The following is an excerpt from the book Film and Television Scores, 1950-1979 (McFarland, 2008) by Kristopher Spencer, founder of Scorebaby.com.
The Silver Age of film music began in the early ’50s when jazz, pop and rock started to influence film composers. It can be argued that Alex North’s jazz-tinged A Streetcar Named Desire (’51) is the first Silver Age soundtrack. But, in general, early jazz soundtracks accompanied movies and TV shows about crime and justice.
Prior to the Silver Age of cinema and Golden Age of television, the crime genre made its transition from pulp magazine pages to radio programs such as The Shadow and the movie serials like Dick Tracy’s G-Men. These hero-oriented productions were presented with rehashed orchestral scores only a few notes removed from 19th Century and early 20th Century classical works such as Nikolai Rimsky-Korsakov’s “Flight of the Bumble Bee,” Modest Mussorgsky’s “Night on Bald Mountain” and Gustav Holst’s “The Planets.” In each case, robust orchestrations accompany the epic struggle between hero and villain as violins soars triumphantly.
By the mid ’50s, however, the line between good and evil became increasingly tenuous. Do-gooder crime fighters came with bad habits and dubious virtue. They didn’t always “get their man” and dames often proved to be more trouble than even the most corrupt criminals. For this new era of moral ambiguity the only music that would prove apropos was jazz.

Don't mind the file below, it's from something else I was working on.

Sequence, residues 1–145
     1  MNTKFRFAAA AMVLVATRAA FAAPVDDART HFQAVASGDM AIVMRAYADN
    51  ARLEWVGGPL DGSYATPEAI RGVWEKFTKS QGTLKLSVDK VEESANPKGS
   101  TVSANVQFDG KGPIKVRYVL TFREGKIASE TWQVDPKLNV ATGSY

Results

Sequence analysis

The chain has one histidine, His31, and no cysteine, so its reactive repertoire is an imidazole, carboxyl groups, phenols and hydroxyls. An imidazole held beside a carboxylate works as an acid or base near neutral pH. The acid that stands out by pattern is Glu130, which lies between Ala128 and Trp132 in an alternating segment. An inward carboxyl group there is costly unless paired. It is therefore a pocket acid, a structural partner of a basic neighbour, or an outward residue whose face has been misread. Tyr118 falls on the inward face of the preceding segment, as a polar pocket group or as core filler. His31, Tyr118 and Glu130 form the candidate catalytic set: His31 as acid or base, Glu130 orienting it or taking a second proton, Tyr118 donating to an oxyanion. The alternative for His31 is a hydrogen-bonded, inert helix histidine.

In the ’50s jazz was still a fairly commercial music genre, though not nearly on the level of its dance floor incarnation better known as swing. To be considered a sophisticate in the post-WWII era often meant digging the sound of jazz whether one was a beatnik or not.
In the context of film noir and TV crime shows from ’50 to ’65, jazz perfectly accompanies the images of rain-drenched streets, smoky private eye consultations and backroom busts.
“(Jazz) represented something lean, tough, cynical, and intelligent — adjectives that applied easily enough to the detective heroes of these pictures. These guys weren’t well described by a soft violin. Instead, the metallic-yet-soulful saxophone summed up this brave new world,” wrote Skip Heller in the CD booklet notes of Crime Jazz: Murder in the Second Degree (Rhino, ’97).
That’s not to say that jazz and the crime jazz of film and TV productions is the same beast. For one thing, crime jazz is mostly scripted and arranged for big bands, whereas the stylistically similar “cool” jazz and bebop of that period favored small group improvisation and long solos. Many West Coast musicians played crime jazz for the paycheck, not for the artistry. In fact, it wasn’t until Johnny Mandel scored I Want to Live in ’58 that true jazz musicians were even granted an opportunity to compose a Hollywood score.
The composer who usually gets credit for introducing jazz to the silver screen is Miklós Rózsa for The Asphalt Jungle (’50). A Hollywood veteran since ’37, Rózsa had scored many films including Double Indemnity and Spellbound before scoring John Huston’s urban potboiler. While The Asphalt Jungle score contains jazz elements, it still leans heavily on the orchestral approach long favored by Hollywood studios. (It’s worth noting that Rózsa’s final film score — the noir spoof Dead Men Don’t Wear Plaid (’82) — also favors the jazz sound.)
In ’51, a younger composer, Alex North, delivered a score that truly set the tone for iconic crime jazz. North, having written incidental music for the stage production of Death of a Salesman, followed its director, Elia Kazan, to greater success on the screen adaptation of A Streetcar Named Desire. On “Blanche,” sultry horns smolder against fiery strings, transitioning into a cooler mood where shadowy piano and furtive horn figures dance against a spare cymbal ride. Although most of his scores favor the traditional orchestral style, North’s contribution to the crime jazz genre proved inspirational to his younger colleagues, including Leith Stevens, Henry Mancini and Elmer Bernstein.
To be continued...